Jaxith
Jaxith

@CCGR_Pheonix @Dsolow5 The major flaw with Action RTS over MOBA is that MOBA covers all games in the genre.  Action RTS doesn't fit certain games like SMITE, Awesomenauts, and Super Monday Night Combat because they don't actually have anything one would think of when considering an RTS game.  MOBA is a fitting term for the genre, which while being predominantly RTS-style oriented, is not confined by it.

Atheosis
Atheosis

@CCGR_Pheonix @Dsolow5 The Battlezone series were Action RTSs.  Action RTS is not a new term.  These games have virtually no RTS elements so Action RTS is even worse than MOBA in terms of accurately describing them.

Dsolow5
Dsolow5

@Saketume @Dsolow5 "Battle Arena" isn't descriptive at all. Tons of online games have battles and arenas. It doesn't effectively describe the genre.

lingo56
lingo56

@publius10 @BuBsay Well no one really copied anyone, some of the original Riot team came from Dota so it was their idea to begin with. And really, we're talking about companies suing other companies.

publius10
publius10

@BuBsay I'm not debating whether LoL is a carbon copy of dota or warcraft 3 or whatever, because i've never seen those games. If it is then Blizzard or whoever should have sued Riot when they first started, though i think that ship has long since sailed. But this, this is like literally the exact same game. .

wizardboyus
wizardboyus

@Fia1 @red666devil @BuBsay blizzard didn't make dota, they made Warcraft 3. dota was just a custom game built by WC3 players way back in the day...those were the days :[

chano880
chano880

@Fia1 @red666devil @BuBsay No they couldn't. You can't just copyright ideas all out of the blue. And battle.net and Pvp.net are nothing alike.


I do agree that at first LoL seemed like a obvious copy of the original DOTA but even that wasn't blizzard's, it just used their engine and assets.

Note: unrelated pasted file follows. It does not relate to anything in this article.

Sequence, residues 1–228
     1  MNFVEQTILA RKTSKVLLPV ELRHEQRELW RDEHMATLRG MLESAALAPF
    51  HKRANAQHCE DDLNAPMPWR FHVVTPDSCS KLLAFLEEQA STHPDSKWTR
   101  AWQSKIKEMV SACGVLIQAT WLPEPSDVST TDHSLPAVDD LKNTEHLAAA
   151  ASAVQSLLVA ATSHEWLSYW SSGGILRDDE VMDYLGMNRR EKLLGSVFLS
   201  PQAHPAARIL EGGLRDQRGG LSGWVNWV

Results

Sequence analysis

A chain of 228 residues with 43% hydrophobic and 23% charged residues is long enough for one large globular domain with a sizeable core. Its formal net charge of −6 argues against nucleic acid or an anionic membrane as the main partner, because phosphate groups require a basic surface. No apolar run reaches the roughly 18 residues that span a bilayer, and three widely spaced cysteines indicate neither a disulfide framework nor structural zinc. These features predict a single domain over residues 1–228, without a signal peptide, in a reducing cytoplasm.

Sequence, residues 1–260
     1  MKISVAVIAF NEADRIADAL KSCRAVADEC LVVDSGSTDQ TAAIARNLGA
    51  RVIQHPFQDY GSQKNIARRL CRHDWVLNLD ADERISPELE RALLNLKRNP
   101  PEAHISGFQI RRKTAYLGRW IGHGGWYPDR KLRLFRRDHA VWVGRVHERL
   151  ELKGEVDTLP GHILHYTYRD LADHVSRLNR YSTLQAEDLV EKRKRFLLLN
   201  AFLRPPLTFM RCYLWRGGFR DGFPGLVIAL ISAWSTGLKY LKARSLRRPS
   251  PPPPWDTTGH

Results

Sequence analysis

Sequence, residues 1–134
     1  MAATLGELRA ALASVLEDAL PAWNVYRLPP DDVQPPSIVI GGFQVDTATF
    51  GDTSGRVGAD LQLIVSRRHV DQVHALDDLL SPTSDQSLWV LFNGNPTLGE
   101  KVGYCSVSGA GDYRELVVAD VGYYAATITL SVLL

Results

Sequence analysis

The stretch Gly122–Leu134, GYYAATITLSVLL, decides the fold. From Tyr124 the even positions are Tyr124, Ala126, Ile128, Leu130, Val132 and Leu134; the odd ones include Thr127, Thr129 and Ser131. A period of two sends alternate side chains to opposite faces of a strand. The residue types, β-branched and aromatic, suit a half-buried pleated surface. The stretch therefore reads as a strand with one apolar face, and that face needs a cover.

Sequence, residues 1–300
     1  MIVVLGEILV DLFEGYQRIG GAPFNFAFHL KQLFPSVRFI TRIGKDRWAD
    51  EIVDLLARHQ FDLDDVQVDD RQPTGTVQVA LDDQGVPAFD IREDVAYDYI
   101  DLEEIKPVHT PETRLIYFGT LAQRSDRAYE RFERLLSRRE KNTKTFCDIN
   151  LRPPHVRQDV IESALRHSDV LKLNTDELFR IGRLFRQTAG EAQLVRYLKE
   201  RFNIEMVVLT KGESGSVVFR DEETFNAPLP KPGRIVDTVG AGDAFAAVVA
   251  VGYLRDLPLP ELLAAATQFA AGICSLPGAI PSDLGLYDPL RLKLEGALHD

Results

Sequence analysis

Blizzard would easily lost the case if they tried.

Fia1
Fia1

@red666devil @BuBsay also Riot copied Blizzard's world of warcraft GUI overall design/ skill trees/ PVP.net is a rip off from Battle.net. Blizzard could have easily sued them back in the day for all the shameless copy they did over Blizzard's games and servers, but they were a simple bottom of the barrel company back there. it might not be a carbon copy but it is a copy of ideas/characters/design/UI and even names here and there, they made profit from an empty market with a stream main game

red666devil
red666devil

@BuBsay First of all. LOL is not a carbon copy of LOL. There are alot of elements which are missing. And even more which are newly implemented in LOL.

LOL and Dota belong to a MOBA genre. As you cannot compare a COD, BF3, or any other FPS game saying, that they are carbon copy of Wolf3D, cause they use crosshair and shoot guns. Similarly Dota and LOL are not the same.

BuBsay
BuBsay

Except by that analogy Riot would be Zynga as LoL is just a carbon copy of DotA.

lingo56
lingo56

@Jaxith @CCGR_Pheonix @Dsolow5 Yeah, there needs to be a redone name for the genre. I mean if you can call, Call of Duty a MOBA by the name of the genre even if it plays nothing like it there's something wrong with the name.

wizardboyus
wizardboyus

@pal_080 @Total_mischief yea when i  heard the word "moba" i thought it was referring to games like unreal tournament or quake...games whose main features are multiplayer online battle arenas..

pal_080
pal_080

@Total_mischief  I wouldn't call it stupid but it is pretty nondescript...  An "online battle arena" could describe just about anything at all in the multi-player space.  I've never known what to expect when I hear of a game as a "MOBA" anyway...

Total_mischief
Total_mischief

@Dsolow5 @Saketume It's, technically, RTSMOBA. It's a sub-genre of the traditional RTS. The RTS is implied when you say MOBA, so no, it's not stupid and no it shouldn't be changed.

Flamewolf75
Flamewolf75

@Dsolow5 @Saketume It's kind of a thing that they expect you to know. Yeah, it is vague but most people recognize what it means when they see it.

Rise of Immortals: Battle for Graxia More Info

  • Released
    • PC
    Rise of Immortals: Battle for Graxia (formerly know just as Rise of Immortals) is an online free-to-play PC game.
    5.8
    Average User RatingOut of 56 User Ratings
    Please Sign In to rate Rise of Immortals: Battle for Graxia
    Developed by:
    Petroglyph
    Published by:
    Petroglyph
    Genres:
    Strategy, MOBA
    Not yet assigned a final ESRB rating. Appears only in advertising, marketing and promotional materials related to a game that is expected to carry an ESRB rating, and should be replaced by a game's rating once it has been assigned.
    Rating Pending